The New York Times‘ Nate Silver applied his presidential race forecasting models to the Sunshine State and the importance of Florida has never been more clear:
“Florida now ranks a clear second on our list of tipping point states, those most likely to provide the decisive votes in the Electoral College, behind only Ohio.”
Moreover, because of some “choppy” polling recently for President Obama in three other battleground states – Colorado, Iowa, and Virginia – Florida now represents the Obama campaign’s clearest path to victory.
“If Mr. Obama wins Florida, he could lose each of Virginia, Colorado and Iowa, along with Ohio, Wisconsin, and North Carolina, and either New Hampshire or Nevada, and still win the Electoral College.”
But what Silver stresses above all else is that for Mitt Romney, Florida is the whole ball of wax:
“Imagine that the election is very close: the popular vote is within one percentage point either way. This condition occurred roughly 3,000 times out of the 25,000 simulations that I ran in the forecast model on Monday.”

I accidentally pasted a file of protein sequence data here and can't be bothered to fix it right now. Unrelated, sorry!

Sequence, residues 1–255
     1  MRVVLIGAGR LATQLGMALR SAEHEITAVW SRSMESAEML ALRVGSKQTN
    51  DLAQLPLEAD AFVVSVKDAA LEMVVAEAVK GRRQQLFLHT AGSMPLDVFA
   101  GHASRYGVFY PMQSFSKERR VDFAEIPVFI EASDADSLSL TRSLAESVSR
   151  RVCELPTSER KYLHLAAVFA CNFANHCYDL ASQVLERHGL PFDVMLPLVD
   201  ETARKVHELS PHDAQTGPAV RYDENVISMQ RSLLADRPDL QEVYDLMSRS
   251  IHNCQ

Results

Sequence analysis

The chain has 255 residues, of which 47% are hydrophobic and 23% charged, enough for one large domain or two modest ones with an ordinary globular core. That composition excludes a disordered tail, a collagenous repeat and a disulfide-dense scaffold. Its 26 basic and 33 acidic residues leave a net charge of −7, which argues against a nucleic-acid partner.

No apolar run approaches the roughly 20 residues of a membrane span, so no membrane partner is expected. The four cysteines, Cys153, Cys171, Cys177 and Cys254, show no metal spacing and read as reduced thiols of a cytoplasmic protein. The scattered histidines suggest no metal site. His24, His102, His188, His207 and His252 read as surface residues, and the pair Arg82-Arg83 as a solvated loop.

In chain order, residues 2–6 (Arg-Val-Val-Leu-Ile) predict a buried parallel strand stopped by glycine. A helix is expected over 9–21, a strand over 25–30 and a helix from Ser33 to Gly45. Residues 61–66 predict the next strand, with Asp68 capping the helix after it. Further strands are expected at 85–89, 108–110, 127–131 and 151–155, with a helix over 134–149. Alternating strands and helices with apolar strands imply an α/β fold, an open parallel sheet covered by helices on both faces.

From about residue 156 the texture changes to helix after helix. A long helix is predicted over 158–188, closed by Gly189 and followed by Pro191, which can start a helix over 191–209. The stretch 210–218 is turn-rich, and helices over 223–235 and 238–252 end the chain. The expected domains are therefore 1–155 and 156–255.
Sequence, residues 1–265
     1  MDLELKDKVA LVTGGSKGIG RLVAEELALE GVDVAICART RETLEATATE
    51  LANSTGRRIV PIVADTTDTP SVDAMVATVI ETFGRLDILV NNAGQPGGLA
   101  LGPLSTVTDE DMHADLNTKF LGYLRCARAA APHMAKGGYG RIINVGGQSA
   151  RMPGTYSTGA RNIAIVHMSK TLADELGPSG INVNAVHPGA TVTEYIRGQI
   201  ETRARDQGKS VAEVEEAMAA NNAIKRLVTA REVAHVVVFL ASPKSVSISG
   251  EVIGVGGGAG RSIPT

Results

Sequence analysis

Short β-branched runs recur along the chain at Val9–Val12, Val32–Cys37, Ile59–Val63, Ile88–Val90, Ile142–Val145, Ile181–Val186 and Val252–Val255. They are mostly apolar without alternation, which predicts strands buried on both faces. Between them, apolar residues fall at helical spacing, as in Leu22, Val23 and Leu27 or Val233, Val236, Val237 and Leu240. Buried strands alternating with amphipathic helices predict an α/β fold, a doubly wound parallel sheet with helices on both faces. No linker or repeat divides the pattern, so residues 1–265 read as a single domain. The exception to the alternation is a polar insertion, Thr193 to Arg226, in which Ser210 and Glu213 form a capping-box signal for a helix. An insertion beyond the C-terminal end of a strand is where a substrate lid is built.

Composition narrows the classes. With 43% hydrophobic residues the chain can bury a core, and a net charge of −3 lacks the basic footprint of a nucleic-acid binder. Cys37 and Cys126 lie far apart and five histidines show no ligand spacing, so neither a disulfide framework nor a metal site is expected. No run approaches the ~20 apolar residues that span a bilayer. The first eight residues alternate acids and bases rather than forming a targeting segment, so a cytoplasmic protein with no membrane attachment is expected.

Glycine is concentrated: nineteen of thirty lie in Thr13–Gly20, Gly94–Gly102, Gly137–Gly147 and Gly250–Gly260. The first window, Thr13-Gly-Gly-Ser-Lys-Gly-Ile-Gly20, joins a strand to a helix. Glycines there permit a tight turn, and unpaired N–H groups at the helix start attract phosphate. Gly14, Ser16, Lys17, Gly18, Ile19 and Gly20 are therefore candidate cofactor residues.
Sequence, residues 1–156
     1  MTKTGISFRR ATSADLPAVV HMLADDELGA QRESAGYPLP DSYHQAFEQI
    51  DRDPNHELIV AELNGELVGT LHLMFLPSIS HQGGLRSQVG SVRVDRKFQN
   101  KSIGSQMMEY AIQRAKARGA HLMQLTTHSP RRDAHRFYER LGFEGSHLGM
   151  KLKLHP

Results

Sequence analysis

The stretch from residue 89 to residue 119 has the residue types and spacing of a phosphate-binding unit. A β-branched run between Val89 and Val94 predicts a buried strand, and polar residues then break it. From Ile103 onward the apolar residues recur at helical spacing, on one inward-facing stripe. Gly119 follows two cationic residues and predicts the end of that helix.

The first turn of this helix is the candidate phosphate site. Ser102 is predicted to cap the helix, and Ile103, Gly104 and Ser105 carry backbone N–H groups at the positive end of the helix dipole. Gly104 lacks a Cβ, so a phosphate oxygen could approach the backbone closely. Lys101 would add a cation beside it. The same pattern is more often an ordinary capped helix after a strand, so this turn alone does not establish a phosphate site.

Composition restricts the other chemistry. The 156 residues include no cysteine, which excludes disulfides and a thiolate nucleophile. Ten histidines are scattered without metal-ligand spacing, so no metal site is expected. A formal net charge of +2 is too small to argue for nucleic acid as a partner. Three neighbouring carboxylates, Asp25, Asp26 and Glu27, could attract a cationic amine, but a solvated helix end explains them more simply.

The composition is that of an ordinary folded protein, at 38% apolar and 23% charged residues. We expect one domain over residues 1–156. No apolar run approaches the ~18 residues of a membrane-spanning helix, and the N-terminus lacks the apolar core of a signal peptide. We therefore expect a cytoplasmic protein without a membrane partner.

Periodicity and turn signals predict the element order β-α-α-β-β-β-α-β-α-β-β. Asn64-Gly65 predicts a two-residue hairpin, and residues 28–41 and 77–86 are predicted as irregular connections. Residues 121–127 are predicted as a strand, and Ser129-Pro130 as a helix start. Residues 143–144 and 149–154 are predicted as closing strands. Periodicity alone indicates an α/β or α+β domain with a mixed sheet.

“For each of the top 12 states on our tipping point list, I looked up the probability of Mr. Romney winning the election conditional upon losing the state in these 3,000 simulations. If Mr. Romney has great difficulty winning the Electoral College without the state in a close election, we can fairly describe it as a must-win.”
“These simulations estimate that Mr. Romney has only a 2 percent chance of winning the election if he loses Florida — even assuming that the election is very close over all. Losing its 29 electoral votes just presents too daunting a challenge for him, given his inability so far to penetrate into states like Pennsylvania that could plausibly substitute for it.”